ISP 209L ~ Fall 2006
Mystery of the Physical World Laboratory

Prof. Stuart Tessmer
4237 Biomedical Physical Sciences
Office Hour: Fridays 3:15pm in 302 North Kedzie, or by appointment
Phone: 355-9200 x2210


Click on the date in the first column to view the introductory material for that week. Additional reading material is listed in the last column from the ISP 209 lecture course taught by Prof. Stump. This is not required reading, but you will likely find it to be interesting.

Date Lab# & Title Topic Additional Reading
Aug 28 ~ Introductory lecture ~
Sept 4 Holiday ~ ~
Sept 11 1 Measurements Dice-probability vs measurement
Human reaction times
Sept 18 2 Measurement of g Free fall measurement of g
Pendulum measurement of g
ISP 209 Course Pack:
Week 1
Sept 25 3 Threshold of Hearing Sound waves
Decibel scale
Oct 2 4 Cycle Power Conservation of energy
Electrical equivalent of heat
ISP 209 Course Pack:
Weeks 4 & 6
Oct 9 5 Rolling Cylinders and
Angular Momentum
Rotational motion
Rotational energy and momentum
Oct 16 6 Electronic Circuits
and Magnetic Fields
Simple circuits
Bar magnets and solenoids
ISP 209 Course Pack:
Week 7
Oct 23 7 The Oscilloscope Oscilloscope-wave forms
Magnetic Induction
ISP 209 Course Pack:
Week 9
Oct 30 8 Basic Optics Optics, Reflection & Refraction
Critical angle
ISP 209 Course Pack:
Week 11
Nov 6 9 Optical Interference Single-slit diffraction
Babinet's principle-wire size
ISP 209 Course Pack:
Week 11
Nov 13 10 Multiple-Slit
Two-slit interference
Diffraction grating
ISP 209 Course Pack:
Week 11
Nov 20 11 Radioactivity Radioactive Background
and sources
ISP 209 Course Pack:
Week 14
Nov 27 12 Low-Temperature
Light emitting diode
Dec 4 Final Exam ~ ~


This two-credit laboratory provides hands-on experience to discover and reinforce basic physical phenomena. The heart of the course consists of a series of experiments in the areas of optics, mechanical systems, and electromagnetics. The teaching team consists of two graduate instructors and me (Prof. Tessmer). I am looking forward to a fun semester as we work through these experiments together.



• Labs are held in 302 North Kedzie on Monday. Prior to each lab, you are required to take a quiz on the web using LONCAPA (see below). Each lab will begin with short introductory lecture.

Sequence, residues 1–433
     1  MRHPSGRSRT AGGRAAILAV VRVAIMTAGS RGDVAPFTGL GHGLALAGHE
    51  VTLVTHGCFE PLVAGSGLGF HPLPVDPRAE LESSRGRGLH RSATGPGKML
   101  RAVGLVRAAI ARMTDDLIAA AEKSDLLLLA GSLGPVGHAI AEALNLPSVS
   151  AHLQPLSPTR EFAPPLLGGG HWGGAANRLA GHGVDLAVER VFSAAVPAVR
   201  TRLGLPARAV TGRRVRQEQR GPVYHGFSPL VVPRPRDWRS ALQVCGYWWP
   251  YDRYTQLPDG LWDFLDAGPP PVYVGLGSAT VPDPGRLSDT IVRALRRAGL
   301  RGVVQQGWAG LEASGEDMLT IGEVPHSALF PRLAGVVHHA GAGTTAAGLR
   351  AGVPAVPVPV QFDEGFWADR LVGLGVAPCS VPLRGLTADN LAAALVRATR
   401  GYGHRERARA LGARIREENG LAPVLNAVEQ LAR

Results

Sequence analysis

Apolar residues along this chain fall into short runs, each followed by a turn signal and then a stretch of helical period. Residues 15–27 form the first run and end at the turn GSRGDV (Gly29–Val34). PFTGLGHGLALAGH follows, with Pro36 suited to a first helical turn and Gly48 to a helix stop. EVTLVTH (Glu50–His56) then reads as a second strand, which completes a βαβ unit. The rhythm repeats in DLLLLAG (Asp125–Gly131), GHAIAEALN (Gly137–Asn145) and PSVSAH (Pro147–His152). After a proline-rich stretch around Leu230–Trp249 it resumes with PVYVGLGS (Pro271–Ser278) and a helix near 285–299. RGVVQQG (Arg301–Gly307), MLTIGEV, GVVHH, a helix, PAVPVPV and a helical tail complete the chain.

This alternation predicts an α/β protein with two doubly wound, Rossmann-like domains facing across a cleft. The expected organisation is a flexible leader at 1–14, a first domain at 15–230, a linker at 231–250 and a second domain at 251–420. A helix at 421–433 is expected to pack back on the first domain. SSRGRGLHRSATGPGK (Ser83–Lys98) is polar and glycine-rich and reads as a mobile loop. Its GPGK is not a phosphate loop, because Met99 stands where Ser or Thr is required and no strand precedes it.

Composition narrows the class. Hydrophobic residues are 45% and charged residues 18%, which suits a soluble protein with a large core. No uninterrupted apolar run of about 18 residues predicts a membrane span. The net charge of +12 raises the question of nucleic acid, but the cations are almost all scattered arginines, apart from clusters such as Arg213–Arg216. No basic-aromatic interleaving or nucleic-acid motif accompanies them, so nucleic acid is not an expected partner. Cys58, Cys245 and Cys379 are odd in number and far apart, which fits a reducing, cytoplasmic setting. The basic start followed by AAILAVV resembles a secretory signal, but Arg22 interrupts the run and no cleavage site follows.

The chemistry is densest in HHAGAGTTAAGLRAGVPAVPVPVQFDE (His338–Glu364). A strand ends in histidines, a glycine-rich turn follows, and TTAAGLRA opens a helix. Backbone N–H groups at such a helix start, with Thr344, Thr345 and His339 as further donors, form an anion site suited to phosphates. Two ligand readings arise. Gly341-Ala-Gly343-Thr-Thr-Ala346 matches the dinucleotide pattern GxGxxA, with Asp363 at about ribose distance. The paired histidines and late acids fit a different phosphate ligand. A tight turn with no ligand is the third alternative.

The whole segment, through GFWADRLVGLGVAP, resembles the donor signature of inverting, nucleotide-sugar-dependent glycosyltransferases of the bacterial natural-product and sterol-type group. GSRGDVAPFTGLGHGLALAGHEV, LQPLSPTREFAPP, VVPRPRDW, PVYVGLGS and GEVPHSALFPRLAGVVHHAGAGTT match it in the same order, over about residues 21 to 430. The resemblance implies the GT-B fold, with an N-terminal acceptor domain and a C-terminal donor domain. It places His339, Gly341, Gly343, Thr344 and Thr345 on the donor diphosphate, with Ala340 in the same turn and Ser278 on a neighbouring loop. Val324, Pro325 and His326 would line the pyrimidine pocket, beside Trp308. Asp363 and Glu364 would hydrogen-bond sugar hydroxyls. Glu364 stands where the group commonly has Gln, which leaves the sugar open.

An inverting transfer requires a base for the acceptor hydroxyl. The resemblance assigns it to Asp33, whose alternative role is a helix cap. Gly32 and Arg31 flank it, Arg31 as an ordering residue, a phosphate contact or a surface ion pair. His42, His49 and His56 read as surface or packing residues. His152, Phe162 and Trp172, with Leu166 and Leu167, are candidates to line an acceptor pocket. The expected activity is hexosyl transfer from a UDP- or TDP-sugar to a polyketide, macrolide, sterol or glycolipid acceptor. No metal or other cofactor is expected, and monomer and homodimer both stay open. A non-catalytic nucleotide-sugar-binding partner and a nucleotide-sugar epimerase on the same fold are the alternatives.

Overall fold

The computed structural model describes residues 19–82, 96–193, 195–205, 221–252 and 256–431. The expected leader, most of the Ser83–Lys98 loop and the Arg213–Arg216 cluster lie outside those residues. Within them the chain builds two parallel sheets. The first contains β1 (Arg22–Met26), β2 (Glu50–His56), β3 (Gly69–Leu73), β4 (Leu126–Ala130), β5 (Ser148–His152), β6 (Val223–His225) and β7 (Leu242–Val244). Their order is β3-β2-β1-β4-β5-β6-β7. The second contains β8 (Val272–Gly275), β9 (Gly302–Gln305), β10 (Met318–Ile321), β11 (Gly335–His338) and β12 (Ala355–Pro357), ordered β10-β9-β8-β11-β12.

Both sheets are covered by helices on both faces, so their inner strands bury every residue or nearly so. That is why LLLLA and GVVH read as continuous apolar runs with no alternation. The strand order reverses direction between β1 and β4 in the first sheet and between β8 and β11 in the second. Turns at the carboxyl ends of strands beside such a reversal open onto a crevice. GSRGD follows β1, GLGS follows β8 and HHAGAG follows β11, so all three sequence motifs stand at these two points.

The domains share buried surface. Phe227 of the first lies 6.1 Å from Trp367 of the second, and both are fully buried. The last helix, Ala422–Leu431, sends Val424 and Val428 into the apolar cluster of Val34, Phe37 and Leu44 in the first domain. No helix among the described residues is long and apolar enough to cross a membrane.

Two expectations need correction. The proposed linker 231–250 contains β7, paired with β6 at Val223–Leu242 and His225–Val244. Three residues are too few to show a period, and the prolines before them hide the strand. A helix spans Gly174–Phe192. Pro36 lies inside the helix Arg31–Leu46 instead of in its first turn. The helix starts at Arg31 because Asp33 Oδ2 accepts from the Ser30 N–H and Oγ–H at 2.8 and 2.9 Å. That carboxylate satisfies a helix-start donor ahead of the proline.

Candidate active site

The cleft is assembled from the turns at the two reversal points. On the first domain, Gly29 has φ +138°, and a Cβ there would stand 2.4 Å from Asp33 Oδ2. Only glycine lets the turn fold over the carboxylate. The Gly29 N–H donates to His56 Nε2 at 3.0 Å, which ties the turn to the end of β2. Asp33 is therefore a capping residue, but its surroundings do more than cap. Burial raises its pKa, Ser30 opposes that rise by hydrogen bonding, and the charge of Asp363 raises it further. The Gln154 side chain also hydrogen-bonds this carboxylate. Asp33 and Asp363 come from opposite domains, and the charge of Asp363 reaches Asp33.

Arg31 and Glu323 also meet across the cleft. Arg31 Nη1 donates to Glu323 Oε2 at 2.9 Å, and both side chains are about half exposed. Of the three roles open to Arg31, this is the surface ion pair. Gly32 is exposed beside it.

• Working in groups of 2 or 3 you will then perform measurements and tabulate the your data in the tables and graphs provided in Course Pack. (Note: groups of 4 will only be permitted if all of the other groups in the class have at least 3 people in them.)

• After conducting the experiment and tabulating the data, each student will independently analyze and present the results, and answer the questions. You are encouraged to seek help from the instructor and/or from other students. However, the work you turn in should be your own.

• All material used to determine grades (data sheets, graphs, questions, etc) will be prepared by each student during the lab period and submitted for grading before leaving the lab. Because the lab must be immediately reset for the following section, students must turn in their work at the end of the period. There will be no exceptions to this policy.

• There will be a final exam in the last week of class. The exam will include quiz questions, questions derived from the lecture material and questions from the labs themselves.


• Required Course Pack: ISP209L Course Pack. You are required to bring the relevent pages from the Course Pack to each lab.

• Required Tools: Calculator with trigonometric functions, logarithmic functions and scientific notation.


Quizzes will be conducted on the web prior to each lab using the LONCAPA system. See the links below. Each quiz will be opened on Wednesday morning (five days before the lab) and it will be closed Sunday night at 11:59pm (one minute before midnight). You are required to log on to LONCAPA and take the quiz somewhere in that time frame.